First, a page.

How could COVID-19 usher in inclusive health and fitness? Because of the COVID-19, the public has developed a broader understanding of disabilities and health issues that millions face. Most of these issues and disabilities aren’t necessarily visible. Everyone suddenly had to remain indoors to stay safe. Covid placed certain individuals into ‘high-risk groups.’ Thus, it caused everyone else to sacrifice their freedom to protect them.
Naturally, this has led many to learn more than they ever thought about respiratory diseases and immune system deficiencies. This knowledge needs to be used as life slowly returns to normal in countries with widespread access to vaccinations.
One industry that could use this awareness is the health and fitness sector. It has seen widespread change because of the pandemic. Home workouts became the norm and outdoor exercise experienced a surge in popularity. However, one form of exercise that hasn’t been able to return properly in many areas is indoor group exercise classes. In time they will, but COVID made them more accessible or diversified?
What difficulties are ahead for those with respiratory issues?
Respiratory issues—asthma has become part of the public discourse over the past 18 months. COVID-19 is a respiratory virus meaning it attacks the breathing capabilities of the infected individual. Protecting people with respiratory disabilities and illness became extremely important. Thus, COVID-19 reminded us about inclusive health and fitness.
As things return to normal, these people may want to take part in group exercise sessions at their gym.
Millions of people have launched themselves into a health and fitness routine in the COVID-19 wake because they suddenly found themselves with more time on their hands.
People living with Asthma may feel the same, but the idea of joining an intense group class can daunt for several reasons.
One of the sure-fire ways to spread coronavirus is to do an indoor exercise class. Multiple people expelling respiratory droplets at a significantly higher rate than normal can lead to mass infections. The droplets are also likely to travel further than the usual six feet that respiratory droplets travel.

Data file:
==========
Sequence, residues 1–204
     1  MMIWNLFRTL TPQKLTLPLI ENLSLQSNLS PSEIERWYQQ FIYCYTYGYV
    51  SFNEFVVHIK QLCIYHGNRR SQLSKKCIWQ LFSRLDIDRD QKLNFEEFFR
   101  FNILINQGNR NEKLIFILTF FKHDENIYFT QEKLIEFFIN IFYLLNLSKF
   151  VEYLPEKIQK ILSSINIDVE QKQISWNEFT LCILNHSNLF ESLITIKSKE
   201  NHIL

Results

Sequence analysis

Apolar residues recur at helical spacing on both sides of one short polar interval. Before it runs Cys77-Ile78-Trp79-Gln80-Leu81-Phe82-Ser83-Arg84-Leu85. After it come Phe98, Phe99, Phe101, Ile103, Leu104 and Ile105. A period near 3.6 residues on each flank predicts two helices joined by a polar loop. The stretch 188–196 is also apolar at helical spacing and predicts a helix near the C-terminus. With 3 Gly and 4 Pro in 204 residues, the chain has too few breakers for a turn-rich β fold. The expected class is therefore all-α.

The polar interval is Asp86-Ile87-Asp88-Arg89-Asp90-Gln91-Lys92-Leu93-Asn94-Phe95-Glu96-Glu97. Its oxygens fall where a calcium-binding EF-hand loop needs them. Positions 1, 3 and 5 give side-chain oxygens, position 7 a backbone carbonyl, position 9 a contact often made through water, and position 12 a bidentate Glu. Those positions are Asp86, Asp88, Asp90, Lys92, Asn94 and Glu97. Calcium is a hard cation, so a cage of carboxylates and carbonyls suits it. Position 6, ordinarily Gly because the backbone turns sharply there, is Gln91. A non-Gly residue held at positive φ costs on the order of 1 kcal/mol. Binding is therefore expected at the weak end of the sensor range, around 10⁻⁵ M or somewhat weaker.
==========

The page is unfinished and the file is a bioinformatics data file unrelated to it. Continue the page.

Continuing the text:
Whilst local regulations would have to allow the class to take place anyway, the idea of being in close quarters with unvaccinated people might be too much to handle. In addition, being part of a class where other people are not at risk of extreme breathing difficulties or attacks could lead to extreme anxiety and a failure to complete the session that you have likely paid for. However, those who focused on COVID-19 inclusive health and fitness avoided or decreased anxiety.
Indoor exercise can be problematic for asthmatics and can lead to exercise-induced asthma (EIA) attacks. If working out indoors with a personal trainer, people usually notice symptoms of an EIA about 15 minutes after the session has ended.
Physical exercise is very beneficial for asthmatics, as when done in the correct quantities and conditions, it can help prevent vicious attacks. In addition, raising the heart rate regularly boosts lung power, and it also supports the immune system to help fight colds and viruses, which are a major trigger for over 80% of people with asthma.
What measures can you take?
It would not be the worst idea in the world for gym companies to more widely offer exercise classes catered to those with respiratory issues. These classes could be outside when the weather permits, as it provides better ventilation both regarding breathing ability and transmission of respiratory droplets. The approach to fight a pandemic includes education and fitness. Offering COVID-19 inclusive health and fitness will not fix the problem but it can help.
We could reserve these classes for people who wish to exercise at a lower overall intensity than your average group session, meaning the participants don’t feel like they’re out of place or being left behind by others. Whilst it seems unlikely that adults would ridicule others for being less physically able, it would comfort those with asthmatics to know that they’re in a class with like-minded people.
The timing of the classes could be important too. For example, asthma attacks are more common early in the morning and late at night, meaning mid-morning and afternoon slots would suit the target audience much better.
Exercising with other people can be a deeply intimidating task for anyone. An issue not visible to the naked eye means the exercise affects you differently from everyone else. The COVID-19 pandemic provides a valuable opportunity to make health and fitness accessible and inclusive to everyone.
Euan Burns is a features editor at Origym Centre of Excellence, which provides high-quality personal training courses and packages.